Trade in 2002
Exports $2.2 billion tea, coffee, horticultural products, petroleum products, cement, pyrethrum, soda ash, sisal, hides and skins, fluorspar
Major markets Uganda, Tanzania, United Kingdom, Germany, Netherlands, Ethiopia, Rwanda, Egypt, South Africa, United States
Imports $3.2 billion machinery, vehicles, crude petroleum, iron and steel, resins and plastic materials, refined petroleum products, pharmaceuticals, paper and paper products, fertilizers, wheat
Major suppliers United Kingdom, Japan, South Africa, Germany, United Arab Emirates, Italy, India, France, United States, Saudi Arabia

Education

Kenya’s education system consists early childhood education, primary, secondary and tertiary. Early childhood education takes at least three years, primary eight years, secondary four and university four or six years depending on the course. Preschooling, which targets children from age three to five, is an integral component of the education system and is a key requirement for admission to Standard One (First Grade). At the end of primary education, pupils sit the Kenya Certificate of Primary Education (KCPE), which determines those who proceed to secondary school or vocational training. Primary school age is 6/7-13/14years. For those who proceed to secondary level, there is a national examination at the end of Form Four – the Kenya Certificate of Secondary Education (KCSE), which determines those proceeding to the universities, other professional training or employment. The Joint Admission Board (JAB) is responsible for selecting students joining the public universities. The minimum university entry grade is C+ at KCSE. However, due to stiff competition, only those with higher grades such as B+ and above are guaranteed admission. Private universities admit students on their own but are guided by the rules and regulations provided by the Commission for Higher Education. Other than the public schools, there are many private schools in the country, mainly in urban areas. Similarly, there are a number of international schools catering for various educational systems such as American, British, French, German, Japanese and Swedish.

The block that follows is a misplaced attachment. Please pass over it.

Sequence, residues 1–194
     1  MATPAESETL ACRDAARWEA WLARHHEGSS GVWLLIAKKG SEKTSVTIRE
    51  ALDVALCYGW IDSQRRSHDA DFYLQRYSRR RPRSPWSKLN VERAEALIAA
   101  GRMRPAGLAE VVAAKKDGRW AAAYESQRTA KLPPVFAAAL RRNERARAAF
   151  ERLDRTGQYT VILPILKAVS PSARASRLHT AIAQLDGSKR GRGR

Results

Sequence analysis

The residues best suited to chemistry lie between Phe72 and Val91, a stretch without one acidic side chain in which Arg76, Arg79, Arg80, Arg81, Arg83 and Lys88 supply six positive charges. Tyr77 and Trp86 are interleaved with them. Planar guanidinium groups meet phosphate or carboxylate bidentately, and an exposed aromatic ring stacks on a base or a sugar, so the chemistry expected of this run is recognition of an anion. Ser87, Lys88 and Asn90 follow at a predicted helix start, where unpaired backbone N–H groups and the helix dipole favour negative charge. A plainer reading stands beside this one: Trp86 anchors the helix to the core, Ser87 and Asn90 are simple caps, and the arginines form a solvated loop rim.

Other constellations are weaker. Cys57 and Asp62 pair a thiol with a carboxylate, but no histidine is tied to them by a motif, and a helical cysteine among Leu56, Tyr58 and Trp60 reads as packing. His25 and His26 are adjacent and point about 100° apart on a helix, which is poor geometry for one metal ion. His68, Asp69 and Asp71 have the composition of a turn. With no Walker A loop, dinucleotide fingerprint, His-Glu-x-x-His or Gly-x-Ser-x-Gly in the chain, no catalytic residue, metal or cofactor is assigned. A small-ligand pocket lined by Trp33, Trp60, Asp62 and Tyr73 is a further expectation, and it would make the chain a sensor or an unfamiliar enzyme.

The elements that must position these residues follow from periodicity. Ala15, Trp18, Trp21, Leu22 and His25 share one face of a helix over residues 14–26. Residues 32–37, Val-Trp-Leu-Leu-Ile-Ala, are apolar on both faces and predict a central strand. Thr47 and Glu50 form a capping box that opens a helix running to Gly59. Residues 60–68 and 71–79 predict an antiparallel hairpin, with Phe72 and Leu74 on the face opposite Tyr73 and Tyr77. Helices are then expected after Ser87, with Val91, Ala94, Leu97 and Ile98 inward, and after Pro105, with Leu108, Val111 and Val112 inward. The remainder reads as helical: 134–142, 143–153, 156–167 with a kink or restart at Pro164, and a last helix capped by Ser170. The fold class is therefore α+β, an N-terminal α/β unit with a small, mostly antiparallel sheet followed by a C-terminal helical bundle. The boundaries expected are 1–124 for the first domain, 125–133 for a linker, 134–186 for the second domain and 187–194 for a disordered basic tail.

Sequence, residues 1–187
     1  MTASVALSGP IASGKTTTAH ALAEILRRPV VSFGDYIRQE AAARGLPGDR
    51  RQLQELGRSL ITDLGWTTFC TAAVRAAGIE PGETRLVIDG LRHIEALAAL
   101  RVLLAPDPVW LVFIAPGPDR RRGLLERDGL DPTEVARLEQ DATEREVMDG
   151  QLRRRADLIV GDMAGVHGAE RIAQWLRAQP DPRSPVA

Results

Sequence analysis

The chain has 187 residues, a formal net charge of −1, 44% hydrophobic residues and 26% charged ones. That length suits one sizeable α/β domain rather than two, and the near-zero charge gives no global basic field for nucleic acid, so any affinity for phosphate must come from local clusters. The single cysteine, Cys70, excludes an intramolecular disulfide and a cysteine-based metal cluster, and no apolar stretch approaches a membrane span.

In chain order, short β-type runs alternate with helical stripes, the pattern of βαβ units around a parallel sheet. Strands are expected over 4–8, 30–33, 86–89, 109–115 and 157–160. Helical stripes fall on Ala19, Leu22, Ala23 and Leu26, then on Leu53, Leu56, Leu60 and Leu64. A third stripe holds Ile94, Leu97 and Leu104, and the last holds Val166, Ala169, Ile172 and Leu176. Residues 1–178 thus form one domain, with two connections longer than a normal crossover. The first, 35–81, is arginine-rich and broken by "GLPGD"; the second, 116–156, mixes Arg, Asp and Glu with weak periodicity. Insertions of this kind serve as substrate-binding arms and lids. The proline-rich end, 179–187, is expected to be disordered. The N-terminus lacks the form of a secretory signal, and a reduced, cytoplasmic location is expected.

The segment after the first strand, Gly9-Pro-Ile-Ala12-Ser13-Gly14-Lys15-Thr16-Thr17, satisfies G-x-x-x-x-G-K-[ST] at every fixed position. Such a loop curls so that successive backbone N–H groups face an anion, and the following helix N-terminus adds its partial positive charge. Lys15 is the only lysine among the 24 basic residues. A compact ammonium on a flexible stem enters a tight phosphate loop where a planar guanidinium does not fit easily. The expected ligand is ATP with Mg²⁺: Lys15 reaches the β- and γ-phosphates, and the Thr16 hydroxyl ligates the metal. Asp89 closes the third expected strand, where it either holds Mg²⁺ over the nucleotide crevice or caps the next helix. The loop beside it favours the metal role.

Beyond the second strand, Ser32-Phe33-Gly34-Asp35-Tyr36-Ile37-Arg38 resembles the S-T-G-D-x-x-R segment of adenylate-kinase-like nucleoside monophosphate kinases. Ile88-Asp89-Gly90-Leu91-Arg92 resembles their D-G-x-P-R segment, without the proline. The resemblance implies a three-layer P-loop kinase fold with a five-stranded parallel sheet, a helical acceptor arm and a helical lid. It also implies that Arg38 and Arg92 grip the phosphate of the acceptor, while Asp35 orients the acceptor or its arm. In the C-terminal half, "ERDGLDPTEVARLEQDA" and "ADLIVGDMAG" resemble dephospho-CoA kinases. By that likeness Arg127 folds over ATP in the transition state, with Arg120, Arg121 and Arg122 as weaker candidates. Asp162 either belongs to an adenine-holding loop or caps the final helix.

Culture

A Maasai man in traditional attire.

Kenya is a diverse country, with many different cultures represented. Notable cultures include the Swahili on the coast, pastoralist communities in the north, and several different communities in the central and western regions. Today, the Maasai culture is well known, due to its heavy exposure from tourism although it is only a minor tribe. Even though they are a minor tribe, they are well-known and are a nomadic tribe who adorn their upper bodies and are very well-known for all the jewellery that they wear.

Tribalism

In Kenya as well as in many other African countries people are divided by belonging to a particular tribe. Whenever you are talking about a Kenyan there will be a lot of references to his or her tribe.

For example:
- We, umemona Lucy?
- Lucy gani? Huyu kikuyu nyeupe?

Translation from Swahili:
- Hey, have you seen Lucy?
- Which one, the one with light(white) skin and kikuyu by tribe?

Understanding the tribes of Kenya will allow you to understand better their way of living.